Competition: we had wanted to stay in Atlantis, but all of the Bahamians warned us against it. “It need to be renovated” and “It is run down” were typical comments. We hopped in a taxi to Paradise Island (formerly “Hog Island”) and were awed by the lobby of the Atlantis. Public WiFi clocked in at 0.82 Mbits (1/100th the speed of Baha Mar) and then failed altogether. There are herds of cruise ship passengers who come here on tours. To keep them from wandering too far, there are security people everywhere challenging people (most of whom seemed like obvious guests, e.g., with nothing but flipflops and a towel) to see proof of hotel guest status. An adjacent marina has some impressive superyachts and signs telling people not to go anywhere near them (ignored by the Chinese tourists). My friend was unimpressed with the Atlantis: “even the chairs in the casino look old.” The lagoon was deserted.

The veneer of luxury and wealth on Paradise Island is thin. Right across the street is a strip mall with a downscale casino, a grocery store with canned goods, and a Dunkin’ Donuts. Farther to the east is the Ocean Club, run by the Four Seasons. This is a small expensive hotel with a single pool, which was fairly crowded. On a day when the Baha Mar beach was nicely sheltered and perfect for swimming, the Ocean Club beach was hanging a “caution” flag and the water was rough. It is a great place for lunch and probably a great place to stay if you want to get away from the crowds (but, if so, why not simply stay on one of the “out islands”?).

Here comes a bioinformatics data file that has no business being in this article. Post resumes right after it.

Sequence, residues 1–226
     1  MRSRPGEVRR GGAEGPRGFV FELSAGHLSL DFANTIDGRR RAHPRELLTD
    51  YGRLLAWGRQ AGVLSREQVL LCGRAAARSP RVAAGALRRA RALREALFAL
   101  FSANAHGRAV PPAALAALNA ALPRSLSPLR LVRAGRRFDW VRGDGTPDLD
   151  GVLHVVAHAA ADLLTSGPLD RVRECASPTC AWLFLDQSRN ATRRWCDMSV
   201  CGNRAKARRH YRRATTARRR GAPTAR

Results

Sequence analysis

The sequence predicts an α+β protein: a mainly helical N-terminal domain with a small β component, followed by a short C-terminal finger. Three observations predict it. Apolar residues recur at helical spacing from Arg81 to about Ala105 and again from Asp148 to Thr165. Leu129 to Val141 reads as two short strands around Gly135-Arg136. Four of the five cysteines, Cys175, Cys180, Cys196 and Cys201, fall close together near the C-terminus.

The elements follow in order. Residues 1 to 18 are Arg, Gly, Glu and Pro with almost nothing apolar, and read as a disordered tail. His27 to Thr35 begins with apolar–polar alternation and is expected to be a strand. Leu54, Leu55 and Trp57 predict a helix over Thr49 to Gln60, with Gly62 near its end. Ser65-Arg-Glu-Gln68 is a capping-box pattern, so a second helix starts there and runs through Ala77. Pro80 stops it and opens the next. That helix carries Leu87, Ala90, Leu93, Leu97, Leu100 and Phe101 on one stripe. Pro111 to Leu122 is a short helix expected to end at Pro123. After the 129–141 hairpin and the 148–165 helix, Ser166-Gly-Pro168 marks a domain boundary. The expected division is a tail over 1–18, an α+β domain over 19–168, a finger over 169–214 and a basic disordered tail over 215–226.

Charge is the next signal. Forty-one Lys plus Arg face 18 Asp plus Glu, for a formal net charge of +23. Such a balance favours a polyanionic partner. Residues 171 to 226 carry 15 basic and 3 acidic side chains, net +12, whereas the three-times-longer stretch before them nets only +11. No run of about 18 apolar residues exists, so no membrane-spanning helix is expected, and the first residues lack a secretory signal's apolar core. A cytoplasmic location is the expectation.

Conclusion: the locals seem to be right about the Baha Mar complex being the best place to stay in and around Nassau. However, you have to want to be in a city-sized development (2,200 rooms) that seems to be quite full even slightly off peak. Imagine a huge cruise ship that never leaves the dock. If you want to be in a smaller scale lower-rise hotel and enjoy a perfect beach, consider flying an extra 30 minutes to Turks and Caicos (Provo).

Separately, as here in Massachusetts, the construction of casinos is encouraged. Unlike in Massachusetts, however, it is illegal for a local to gamble:

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Joe Biden: et tu, Google?

Top of my Gmail, day after the New Hampshire primary:

How do folks think the Nevada caucuses will shake out today? Are there enough government workers and people on the traditional welfare system in Nevada to appreciate an old-school Democrat like Uncle Joe? Enough Californians who moved there to escape taxes to appreciate the idea of yet higher taxes under President Sanders? Enough Native Americans to give Elizabeth Warren a boost?

Per , my money is on Mayor Pete! (except that I am not energetic enough to drive down to our local casino and place an actual bet)